Since getting my guide dog, Loie, my life has changed completely. Loie became a part of my family on the 3rd of August last year.
My daily morning routine now begins with a quiet whimper and the loud thudding of Loie’s tail hitting my chest of drawers. Like an alarm clock, she will become progressively louder and if I do not get up after a few minutes, then she will usually come around and rest her big black nose on the edge of my bed, licking my face if it’s in reach; this usually means it is time for breakfast.
Breakfast consists of dog biscuits and a loud whistle – this is the sound she recognises as “time to eat!” I have had her for just over seven months now and in this short time we have developed an amazing partnership, it feels like we have been together for so much longer.
Before getting Loie I had a very limited independence and mobility, I was unable to go anywhere without a sighted person. However, Loie is my constant companion and is a point of conversation everywhere I go. When Loie and I go out together it is very different from taking out a typical pet as she is my guide dog and can accompany me wherever I go. Loie has given me freedom and independence that I never dreamt would be possible. I am now able to independently catch public transport and navigate around my local area.
When Loie is working in her harness she is always very focused on where we’re going and the obstacles ahead of us. Loie is always so proud of herself when rewarded with praise after doing her job so well. Loie has such an incredibly unique personality, from her happy and enthusiastic energy to her apologetic puppy-dog face when she accidentally knocks over something with her powerful tail.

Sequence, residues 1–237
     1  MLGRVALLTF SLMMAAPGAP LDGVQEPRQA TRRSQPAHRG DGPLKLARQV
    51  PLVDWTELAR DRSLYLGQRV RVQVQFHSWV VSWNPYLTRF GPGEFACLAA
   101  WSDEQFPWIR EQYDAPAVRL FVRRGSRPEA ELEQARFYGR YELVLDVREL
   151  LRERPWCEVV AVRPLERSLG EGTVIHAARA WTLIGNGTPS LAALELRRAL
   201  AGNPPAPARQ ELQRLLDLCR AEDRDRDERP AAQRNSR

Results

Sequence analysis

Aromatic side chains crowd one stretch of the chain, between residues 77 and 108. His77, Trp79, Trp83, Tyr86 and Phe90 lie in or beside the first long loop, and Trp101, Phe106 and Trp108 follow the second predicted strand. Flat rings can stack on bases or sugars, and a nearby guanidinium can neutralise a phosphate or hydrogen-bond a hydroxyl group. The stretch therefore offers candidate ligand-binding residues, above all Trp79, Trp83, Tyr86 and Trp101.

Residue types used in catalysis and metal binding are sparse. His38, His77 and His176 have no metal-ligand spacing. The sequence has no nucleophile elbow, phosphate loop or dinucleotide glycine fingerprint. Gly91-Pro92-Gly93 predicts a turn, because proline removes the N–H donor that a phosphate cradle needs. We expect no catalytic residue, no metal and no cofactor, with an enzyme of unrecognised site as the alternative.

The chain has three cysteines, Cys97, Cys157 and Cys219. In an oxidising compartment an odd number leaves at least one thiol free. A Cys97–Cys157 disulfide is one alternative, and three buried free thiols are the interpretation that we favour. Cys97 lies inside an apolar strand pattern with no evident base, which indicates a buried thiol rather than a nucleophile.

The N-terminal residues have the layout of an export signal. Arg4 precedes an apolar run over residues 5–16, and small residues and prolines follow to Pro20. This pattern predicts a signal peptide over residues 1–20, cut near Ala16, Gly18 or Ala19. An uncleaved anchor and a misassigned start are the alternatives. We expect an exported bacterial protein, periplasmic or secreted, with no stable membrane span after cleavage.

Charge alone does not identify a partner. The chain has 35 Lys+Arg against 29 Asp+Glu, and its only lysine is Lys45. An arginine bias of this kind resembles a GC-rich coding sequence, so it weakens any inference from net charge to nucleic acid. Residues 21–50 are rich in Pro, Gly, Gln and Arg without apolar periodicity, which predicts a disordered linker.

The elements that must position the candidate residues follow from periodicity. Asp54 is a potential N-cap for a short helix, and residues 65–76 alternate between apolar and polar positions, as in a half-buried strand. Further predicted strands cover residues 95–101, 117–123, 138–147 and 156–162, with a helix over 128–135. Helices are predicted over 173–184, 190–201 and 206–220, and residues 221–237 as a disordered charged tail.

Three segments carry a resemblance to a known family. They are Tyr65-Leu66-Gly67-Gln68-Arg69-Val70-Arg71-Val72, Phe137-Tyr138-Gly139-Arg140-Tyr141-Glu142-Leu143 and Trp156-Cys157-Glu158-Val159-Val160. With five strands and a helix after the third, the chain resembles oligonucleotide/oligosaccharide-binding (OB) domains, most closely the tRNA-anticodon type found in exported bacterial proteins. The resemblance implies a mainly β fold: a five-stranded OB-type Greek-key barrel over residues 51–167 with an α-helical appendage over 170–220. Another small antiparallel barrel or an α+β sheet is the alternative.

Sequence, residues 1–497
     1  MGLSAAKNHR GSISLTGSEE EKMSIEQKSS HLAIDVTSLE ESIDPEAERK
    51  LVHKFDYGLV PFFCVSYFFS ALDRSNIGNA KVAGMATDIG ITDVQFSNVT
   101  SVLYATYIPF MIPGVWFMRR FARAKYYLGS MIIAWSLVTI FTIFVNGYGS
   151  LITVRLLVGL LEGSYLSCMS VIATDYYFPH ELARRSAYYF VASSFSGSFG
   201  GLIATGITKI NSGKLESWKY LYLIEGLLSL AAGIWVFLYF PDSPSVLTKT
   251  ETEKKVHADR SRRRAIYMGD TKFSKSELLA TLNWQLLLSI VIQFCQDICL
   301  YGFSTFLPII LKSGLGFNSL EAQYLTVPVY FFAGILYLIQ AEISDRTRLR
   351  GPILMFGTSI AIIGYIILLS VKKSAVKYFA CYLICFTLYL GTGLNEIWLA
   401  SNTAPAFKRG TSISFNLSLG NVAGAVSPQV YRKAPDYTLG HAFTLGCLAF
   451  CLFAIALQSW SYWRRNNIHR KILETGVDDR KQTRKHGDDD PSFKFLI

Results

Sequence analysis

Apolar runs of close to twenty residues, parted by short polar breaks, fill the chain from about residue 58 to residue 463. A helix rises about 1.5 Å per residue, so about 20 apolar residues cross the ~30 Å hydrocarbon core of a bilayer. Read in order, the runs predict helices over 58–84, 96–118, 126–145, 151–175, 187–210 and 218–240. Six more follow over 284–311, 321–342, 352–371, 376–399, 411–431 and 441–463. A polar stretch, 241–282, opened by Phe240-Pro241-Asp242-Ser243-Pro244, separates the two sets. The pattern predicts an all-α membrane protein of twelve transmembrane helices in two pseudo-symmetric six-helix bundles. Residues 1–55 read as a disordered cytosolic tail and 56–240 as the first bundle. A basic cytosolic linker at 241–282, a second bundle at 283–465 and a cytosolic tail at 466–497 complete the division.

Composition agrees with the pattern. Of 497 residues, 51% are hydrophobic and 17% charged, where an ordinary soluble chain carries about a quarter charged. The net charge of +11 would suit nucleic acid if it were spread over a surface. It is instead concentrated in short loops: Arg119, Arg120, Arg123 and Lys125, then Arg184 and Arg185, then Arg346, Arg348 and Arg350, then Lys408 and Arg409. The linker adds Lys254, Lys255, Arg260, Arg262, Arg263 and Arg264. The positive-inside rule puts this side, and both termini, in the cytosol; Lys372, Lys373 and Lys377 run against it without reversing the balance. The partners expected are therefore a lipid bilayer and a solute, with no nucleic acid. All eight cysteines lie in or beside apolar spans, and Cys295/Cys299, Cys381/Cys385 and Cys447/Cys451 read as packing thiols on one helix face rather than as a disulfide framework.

There are occasions in every dog’s life when a rule or two are broken, for example, the time when Loie ate two Christmas mince pies while no one was looking. It is in situations like these where I must be firm with her, but her reaction to this is to sit with her back to me and sulk, which can be pretty adorable.
Loie loves playing with her squeaky toy; it is the first thing she grabs after working in her harness for any length of time. Another way Loie’s cheeky, playful nature shines through is when I am grooming her. While I am trying to brush her she flops down on her back wanting a belly rub and when I am cleaning her face she will give me constant kisses trying to distract me from the task at hand which always make this enjoyable. I can’t imagine my life without Loie now and I am so grateful to all those who made it possible for her to be my very first guide dog and best friend.
The Blind Foundation Red Puppy Appeal street collection is on April 1 and 2. The annual appeal raises funds for the breeding and training of guide dogs. Keep an eye out for collectors on the streets, donate online at redpuppy.org.nz or text PUPPIES to 305 to donate $3.